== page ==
|Common Name||River Lamprey|
|Scientific Name||Lampetra ayersi|
The life history of River Lampreys is not fully understood and any studies were documented in British Columbia where the life pattern and timing of events might differ from California and the southern reaches of distribution.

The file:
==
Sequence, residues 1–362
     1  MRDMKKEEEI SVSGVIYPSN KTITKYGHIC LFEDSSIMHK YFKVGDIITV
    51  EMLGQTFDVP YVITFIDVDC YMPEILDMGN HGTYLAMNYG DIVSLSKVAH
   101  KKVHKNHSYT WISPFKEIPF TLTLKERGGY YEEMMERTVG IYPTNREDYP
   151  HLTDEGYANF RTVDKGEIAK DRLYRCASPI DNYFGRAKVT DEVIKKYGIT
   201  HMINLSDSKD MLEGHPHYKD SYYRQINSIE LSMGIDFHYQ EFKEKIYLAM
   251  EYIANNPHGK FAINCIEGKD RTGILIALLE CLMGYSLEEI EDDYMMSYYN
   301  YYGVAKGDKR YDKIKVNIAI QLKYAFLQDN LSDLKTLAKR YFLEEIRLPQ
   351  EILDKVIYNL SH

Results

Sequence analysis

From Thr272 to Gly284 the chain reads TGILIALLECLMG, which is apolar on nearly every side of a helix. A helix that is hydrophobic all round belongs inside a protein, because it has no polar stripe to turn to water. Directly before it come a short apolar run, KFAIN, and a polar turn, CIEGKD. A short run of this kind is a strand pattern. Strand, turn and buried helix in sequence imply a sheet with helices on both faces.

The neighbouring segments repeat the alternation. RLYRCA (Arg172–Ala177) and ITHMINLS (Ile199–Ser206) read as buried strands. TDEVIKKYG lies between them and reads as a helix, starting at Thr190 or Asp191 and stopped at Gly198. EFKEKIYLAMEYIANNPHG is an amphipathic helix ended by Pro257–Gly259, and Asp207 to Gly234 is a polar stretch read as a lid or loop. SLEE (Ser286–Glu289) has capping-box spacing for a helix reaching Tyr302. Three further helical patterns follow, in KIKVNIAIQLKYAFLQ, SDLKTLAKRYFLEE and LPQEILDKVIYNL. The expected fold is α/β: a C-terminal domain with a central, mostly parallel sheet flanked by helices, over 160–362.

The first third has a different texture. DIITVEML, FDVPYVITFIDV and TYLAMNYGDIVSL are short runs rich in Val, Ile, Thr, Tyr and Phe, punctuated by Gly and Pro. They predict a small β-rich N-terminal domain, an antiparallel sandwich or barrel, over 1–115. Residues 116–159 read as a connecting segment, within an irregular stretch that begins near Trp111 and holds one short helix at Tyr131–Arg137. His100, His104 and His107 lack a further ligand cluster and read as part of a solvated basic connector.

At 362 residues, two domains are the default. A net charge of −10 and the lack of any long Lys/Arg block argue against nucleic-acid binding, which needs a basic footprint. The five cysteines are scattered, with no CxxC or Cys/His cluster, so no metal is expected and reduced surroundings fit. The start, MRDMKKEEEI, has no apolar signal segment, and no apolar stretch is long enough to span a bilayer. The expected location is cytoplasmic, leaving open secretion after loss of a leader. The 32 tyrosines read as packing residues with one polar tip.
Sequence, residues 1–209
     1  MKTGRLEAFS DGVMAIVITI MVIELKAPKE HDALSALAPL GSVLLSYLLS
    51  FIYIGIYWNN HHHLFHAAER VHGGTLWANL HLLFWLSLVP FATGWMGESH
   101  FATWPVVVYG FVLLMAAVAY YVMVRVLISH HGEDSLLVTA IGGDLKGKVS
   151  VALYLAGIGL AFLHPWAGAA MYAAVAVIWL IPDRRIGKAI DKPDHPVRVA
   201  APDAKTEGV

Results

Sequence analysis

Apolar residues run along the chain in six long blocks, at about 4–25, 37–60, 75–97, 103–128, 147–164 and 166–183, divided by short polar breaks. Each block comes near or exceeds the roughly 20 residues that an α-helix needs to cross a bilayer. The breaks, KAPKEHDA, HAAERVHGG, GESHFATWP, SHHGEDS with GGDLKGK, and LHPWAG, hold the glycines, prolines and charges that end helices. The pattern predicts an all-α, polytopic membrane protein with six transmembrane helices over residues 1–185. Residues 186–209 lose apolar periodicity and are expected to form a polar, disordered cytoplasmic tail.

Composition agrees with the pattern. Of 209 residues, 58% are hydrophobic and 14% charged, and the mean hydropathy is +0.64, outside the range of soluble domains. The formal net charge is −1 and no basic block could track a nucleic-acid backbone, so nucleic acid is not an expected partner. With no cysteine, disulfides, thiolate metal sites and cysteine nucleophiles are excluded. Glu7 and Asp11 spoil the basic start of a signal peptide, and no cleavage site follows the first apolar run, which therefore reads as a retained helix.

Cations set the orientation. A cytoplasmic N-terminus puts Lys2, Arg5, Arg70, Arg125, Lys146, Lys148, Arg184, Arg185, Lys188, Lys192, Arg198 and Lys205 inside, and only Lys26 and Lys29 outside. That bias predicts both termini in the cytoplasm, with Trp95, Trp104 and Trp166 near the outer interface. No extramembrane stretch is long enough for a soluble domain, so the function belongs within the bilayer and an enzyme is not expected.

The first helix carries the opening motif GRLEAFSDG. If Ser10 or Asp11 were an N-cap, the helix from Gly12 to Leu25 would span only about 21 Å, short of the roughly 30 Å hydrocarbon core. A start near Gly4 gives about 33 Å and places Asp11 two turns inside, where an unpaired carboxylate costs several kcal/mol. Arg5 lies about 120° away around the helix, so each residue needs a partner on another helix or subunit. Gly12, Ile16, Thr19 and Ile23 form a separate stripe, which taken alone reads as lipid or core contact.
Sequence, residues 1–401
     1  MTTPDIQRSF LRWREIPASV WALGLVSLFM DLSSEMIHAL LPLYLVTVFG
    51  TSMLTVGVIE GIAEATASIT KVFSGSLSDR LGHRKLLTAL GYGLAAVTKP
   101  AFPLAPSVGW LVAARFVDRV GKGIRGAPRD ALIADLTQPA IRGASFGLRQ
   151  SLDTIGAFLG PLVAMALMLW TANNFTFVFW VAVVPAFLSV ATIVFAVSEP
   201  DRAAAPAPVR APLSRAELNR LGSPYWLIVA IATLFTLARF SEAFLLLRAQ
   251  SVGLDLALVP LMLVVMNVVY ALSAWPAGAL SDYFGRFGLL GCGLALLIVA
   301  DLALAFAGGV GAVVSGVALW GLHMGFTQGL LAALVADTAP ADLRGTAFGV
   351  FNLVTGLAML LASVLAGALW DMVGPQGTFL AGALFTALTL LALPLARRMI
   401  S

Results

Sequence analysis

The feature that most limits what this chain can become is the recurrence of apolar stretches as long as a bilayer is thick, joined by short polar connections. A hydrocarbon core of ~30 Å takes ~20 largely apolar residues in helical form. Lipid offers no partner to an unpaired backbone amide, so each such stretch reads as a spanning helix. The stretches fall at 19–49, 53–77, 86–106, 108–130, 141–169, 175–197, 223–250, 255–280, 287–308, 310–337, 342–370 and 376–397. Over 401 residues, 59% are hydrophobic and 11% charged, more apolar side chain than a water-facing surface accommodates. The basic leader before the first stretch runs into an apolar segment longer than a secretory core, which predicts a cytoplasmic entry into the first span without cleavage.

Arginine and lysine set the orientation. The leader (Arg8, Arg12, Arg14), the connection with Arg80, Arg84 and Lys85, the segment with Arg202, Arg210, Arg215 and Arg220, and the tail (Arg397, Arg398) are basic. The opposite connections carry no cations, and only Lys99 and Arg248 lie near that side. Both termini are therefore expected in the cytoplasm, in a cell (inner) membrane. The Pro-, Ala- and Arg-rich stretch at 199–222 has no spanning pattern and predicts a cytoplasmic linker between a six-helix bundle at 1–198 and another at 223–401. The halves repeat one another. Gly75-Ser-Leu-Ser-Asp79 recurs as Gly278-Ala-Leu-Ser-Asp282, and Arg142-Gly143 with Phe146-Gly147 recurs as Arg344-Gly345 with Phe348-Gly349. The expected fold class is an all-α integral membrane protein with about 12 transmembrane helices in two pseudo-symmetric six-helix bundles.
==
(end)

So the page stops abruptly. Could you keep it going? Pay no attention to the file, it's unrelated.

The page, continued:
River Lampreys are anadromous and they live a predaceous life when in the ocean. Larval lampreys or ammocoetes probably spend the first 3-5 years within a freshwater stream. Ammocoetes burrow themselves tail-first into the soft substrate of a backwater where they feed on drifting matter such as algae and microorganisms. When the ammocoetes reach around 12 cm TL and several years of age they begin to transform into adults during the summer. Metamorphosis takes 9-10 months, which is the longest transition of all the lampreys. Before River Lampreys have completed the change they assemble at the mouth of the river, finally entering the ocean in late spring. River Lampreys are believed to spend only 3-4 months at sea where they grow rapidly by attaching to fish such as salmon and herring and feeding on muscle tissue. The voracious lampreys may kill the prey though feeding continues even after death. In the fall of the same year the River Lampreys return to their natal streams and spawn from February to May. During the last part of their life the lampreys actually shrink up to 20% in length. Spawners dig nests or depressions in gravel where a female lays her eggs. Fecundity is not well recorded, but egg production was estimated in one stream to be 11,400-37,300 eggs per female.